7 Tips To Help Prevent Accidents On the Highway

Accidents don’t usually happen on the highway. But according to statistics, if an accident does occur on a US highway, it is more likely to be fatal. In most cases, one accident will also be the cause of another on the highway. US highways still experience pile-ups.

Car, Car Accident, Car Accident on Highway, Driving Tips, Lifestyle
7 Tips To Help Prevent Accidents On the Highway
[ image: pexels by artyom kulakov ]

Technology is another reason why accidents happen. In 2018 according to the NHTSA distracted driving claimed the lives of 2,841 people in the United States. Government authorities identified that almost 80% of mobile owners still use their phones while driving. Let’s look at some of the tried and tested advice to prevent accidents on highways.

1. Buckle Up

The seatbelt is standard equipment in all vehicles on the highway. A majority of Americans use their seatbelts. But there is a huge majority of American passengers who do not use their seatbelts at all.

In the event of a high-speed crash on a highway, the only thing physically between you and the next car is your seatbelt. There will be no need for any kind of car accident help without a seatbelt. The accident will be fatal.

2. Stop Using The Cell Phone

People have some of the latest technologies on their cell phones. Some people connect their car stereo to their cell phones. Others use their cell phones to make calls using their car speakers so that everyone can hear. Some people even slow down while driving to use their cell phones to take pictures of their geographical surroundings.

You cover the length of an entire football field in just 5 seconds if you are driving at a speed of 50 mph or more. It might be too late to respond when you finally see the obstruction on the highway. Not only are you risking your own life using a cell phone on the highway. You are also endangering the lives of others. Wait to the next stop to safely use your cell phone without any distractions.

3. Properly Entering and Exiting the Left Lane

The left lane is referred to the most different number of names. It is also known as the express lane, fast lane, outside lane, or the passing lane. Some people have the habit of constantly driving in the left lane. We don’t know if they think that no one can drive faster than them or no one should drive faster than them.

A car can be a driving hazard if it is constantly in the left lane. Some states have laws against using the left lane without passing. Use your indicators as you enter into the left lane. Also, indicate when you are going back into the right lane.

Changing lanes without indicating can be extremely dangerous for all the cars around you. It is especially important to use your indicators in bad weather. You can easily get sued by a motorcycle accident attorney if you fail to use your indicators.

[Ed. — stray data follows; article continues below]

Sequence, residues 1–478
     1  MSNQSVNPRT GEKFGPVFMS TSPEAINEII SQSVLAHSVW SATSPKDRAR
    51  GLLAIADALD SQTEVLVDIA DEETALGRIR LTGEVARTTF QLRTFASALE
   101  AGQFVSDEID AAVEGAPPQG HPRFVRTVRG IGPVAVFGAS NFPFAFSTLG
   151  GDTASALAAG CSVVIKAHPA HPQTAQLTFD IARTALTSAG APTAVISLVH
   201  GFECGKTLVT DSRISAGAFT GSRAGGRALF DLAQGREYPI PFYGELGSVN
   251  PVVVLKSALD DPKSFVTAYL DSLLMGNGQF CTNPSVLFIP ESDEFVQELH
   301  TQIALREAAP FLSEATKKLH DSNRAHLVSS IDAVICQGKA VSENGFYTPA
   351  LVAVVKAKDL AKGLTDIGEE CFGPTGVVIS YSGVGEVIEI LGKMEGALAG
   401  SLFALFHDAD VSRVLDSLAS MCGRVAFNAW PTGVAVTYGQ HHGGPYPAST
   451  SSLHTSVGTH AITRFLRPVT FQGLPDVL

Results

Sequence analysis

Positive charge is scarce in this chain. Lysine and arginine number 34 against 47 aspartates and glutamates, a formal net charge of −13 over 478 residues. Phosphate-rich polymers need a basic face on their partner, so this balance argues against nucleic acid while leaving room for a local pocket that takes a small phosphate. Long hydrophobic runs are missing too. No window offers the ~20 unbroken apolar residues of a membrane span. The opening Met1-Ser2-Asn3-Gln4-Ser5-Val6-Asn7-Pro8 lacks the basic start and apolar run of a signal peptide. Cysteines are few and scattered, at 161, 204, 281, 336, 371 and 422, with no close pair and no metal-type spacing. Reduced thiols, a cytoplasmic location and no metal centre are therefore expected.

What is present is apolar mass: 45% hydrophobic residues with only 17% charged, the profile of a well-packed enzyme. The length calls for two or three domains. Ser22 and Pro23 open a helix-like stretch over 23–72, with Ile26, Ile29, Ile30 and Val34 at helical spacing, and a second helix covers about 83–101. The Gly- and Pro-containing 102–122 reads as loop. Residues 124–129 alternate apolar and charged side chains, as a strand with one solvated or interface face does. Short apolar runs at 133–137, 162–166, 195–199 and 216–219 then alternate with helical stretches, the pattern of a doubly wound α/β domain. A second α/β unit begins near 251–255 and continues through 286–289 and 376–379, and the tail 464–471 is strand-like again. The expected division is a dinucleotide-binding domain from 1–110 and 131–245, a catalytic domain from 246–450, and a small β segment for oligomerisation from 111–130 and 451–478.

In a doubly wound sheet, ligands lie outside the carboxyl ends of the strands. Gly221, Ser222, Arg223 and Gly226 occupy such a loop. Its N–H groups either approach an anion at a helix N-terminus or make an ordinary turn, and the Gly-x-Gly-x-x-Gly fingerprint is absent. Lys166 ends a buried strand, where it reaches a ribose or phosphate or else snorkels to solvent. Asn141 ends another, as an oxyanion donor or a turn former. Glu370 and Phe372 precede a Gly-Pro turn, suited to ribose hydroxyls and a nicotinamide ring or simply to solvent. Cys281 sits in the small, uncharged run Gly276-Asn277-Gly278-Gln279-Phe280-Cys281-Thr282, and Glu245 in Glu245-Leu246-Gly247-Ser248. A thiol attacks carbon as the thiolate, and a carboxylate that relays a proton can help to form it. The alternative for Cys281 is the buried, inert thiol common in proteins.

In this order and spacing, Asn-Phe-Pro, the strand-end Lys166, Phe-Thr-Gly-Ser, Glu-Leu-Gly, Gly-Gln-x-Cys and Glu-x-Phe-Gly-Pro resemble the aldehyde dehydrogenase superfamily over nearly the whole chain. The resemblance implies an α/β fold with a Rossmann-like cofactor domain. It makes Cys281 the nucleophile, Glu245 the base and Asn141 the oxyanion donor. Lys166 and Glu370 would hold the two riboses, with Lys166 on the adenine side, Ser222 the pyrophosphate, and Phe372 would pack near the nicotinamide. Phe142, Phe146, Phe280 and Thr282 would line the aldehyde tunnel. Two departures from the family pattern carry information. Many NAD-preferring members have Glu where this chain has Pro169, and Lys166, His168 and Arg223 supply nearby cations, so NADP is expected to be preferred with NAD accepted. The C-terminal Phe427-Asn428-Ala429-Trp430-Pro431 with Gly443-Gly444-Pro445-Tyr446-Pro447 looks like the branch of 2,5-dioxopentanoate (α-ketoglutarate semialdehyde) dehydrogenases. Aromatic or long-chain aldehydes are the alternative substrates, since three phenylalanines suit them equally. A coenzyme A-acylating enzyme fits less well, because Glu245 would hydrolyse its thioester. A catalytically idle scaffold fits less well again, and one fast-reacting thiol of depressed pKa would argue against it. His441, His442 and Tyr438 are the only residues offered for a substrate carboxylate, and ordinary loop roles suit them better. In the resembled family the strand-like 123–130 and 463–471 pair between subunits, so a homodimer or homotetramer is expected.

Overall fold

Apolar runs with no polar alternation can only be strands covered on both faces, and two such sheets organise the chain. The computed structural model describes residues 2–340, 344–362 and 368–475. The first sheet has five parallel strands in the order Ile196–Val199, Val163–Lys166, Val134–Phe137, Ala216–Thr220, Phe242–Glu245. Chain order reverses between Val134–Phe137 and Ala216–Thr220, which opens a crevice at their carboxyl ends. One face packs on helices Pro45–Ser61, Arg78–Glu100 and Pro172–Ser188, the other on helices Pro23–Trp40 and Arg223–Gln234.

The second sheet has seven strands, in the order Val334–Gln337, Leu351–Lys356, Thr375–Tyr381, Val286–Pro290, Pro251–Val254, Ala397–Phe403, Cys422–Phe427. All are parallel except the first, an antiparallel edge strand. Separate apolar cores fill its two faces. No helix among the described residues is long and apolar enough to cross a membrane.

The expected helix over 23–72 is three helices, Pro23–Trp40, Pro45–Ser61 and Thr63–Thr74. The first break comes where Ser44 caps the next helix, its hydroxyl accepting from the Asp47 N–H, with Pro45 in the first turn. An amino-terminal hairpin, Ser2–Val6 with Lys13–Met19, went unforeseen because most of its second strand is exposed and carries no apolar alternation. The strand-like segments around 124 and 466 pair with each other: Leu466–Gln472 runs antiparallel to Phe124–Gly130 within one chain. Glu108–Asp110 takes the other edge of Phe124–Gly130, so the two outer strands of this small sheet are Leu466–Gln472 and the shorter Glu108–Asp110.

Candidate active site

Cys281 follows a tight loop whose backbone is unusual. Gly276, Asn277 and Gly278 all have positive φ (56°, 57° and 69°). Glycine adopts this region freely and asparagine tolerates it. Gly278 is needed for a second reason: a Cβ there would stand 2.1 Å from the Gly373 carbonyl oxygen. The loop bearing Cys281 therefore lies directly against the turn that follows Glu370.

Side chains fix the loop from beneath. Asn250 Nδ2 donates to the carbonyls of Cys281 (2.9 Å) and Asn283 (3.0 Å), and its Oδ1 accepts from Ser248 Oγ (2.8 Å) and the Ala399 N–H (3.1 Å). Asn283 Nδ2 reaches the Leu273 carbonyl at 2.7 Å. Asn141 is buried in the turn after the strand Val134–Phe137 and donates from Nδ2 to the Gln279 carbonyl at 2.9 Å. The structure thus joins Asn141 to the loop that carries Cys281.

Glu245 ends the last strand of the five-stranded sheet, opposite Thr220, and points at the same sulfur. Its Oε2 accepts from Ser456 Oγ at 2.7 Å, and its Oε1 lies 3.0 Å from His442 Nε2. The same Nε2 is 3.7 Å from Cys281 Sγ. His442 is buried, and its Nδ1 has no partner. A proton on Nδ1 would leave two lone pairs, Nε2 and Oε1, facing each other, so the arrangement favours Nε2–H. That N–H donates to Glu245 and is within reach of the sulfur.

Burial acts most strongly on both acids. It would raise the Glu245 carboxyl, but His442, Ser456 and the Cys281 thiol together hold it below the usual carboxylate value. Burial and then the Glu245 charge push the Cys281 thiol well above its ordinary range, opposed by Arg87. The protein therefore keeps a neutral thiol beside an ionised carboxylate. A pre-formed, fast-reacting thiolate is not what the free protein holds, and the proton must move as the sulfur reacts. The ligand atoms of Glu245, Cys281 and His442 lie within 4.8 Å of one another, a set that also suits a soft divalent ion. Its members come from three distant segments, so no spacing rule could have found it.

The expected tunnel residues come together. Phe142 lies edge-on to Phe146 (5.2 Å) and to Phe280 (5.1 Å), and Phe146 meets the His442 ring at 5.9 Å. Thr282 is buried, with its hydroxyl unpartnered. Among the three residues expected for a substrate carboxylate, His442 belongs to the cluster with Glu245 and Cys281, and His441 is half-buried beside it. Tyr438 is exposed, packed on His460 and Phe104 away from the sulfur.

4. Keep a Safe Distance From the Next Vehicle

Maintain a safe distance between your car and the car in front of you. The car in front of you might be driving slowly for a reason. Trailing too closely just to rush them, can confuse the driver in front of you. The driver might be able to see something you can’t.

There might be a truck driving in front of that car. There is a good chance the driver might get confused and hit the brakes, after seeing your car in the rear-view mirror. If that does happen you will have no room to slow down your vehicle or bring the vehicle to a complete stop.

Consider the size of the vehicle in front of you. Leave a space of three car-lengths between your car and the next car. This is a safe distance.

5. Keep an Eye On Your Speed

So you are sitting there all by yourself in the car driving on the highway. There is not much traffic on the road either. You think to yourself I can get there faster and hit the accelerator. Just as you hit the accelerator you risk your life and the lives of others.

According to the Bureau of Transportation Statistics, crashes because of speeding cost Americans $ 40.4 billion in 2019. This is the financial loss, think of how many families lost the lives of their loved ones due to speeding. The government posts speed limits on every highway. Try to observe the speed limit posted or at least stay within a reasonably close range.

6. Be Thoughtful of Truck & Trailer Drivers

Sometimes you might have a truck driver in front of your car, at other times they will be behind you. In both situations, it is important to be thoughtful of the truck driver. A truck driver’s point-of-view is different from the visibility of a car driver. If you are driving behind a truck, the truck driver likely has no idea that you are there.

There is no harm in using your dipper or horn to let the driver know you are back there. Similarly, a truck driver might not be able to see you if you are driving too close in front of a truck. Do not hesitate to use your horn if you are driving too close in front of a truck driver.

7. Do Not Drink & Drive

Do not drive on the highway if you have had a drink in the last 6 hours. You may think that you are sober but there is no guaranteeing how you will react under a pressure situation. One wrong move on the highway, driving while you’re drunk and you might be on a stairway to heaven.

Consider letting someone else drive if you have had a drink in the last 6 hours. A drunk driver is unable to judge distances properly. Drunk drivers also tend to damage their vehicles because of the impaired judgment. Think about getting Uber or Lyft, if there is no one to substitute you as a driver.

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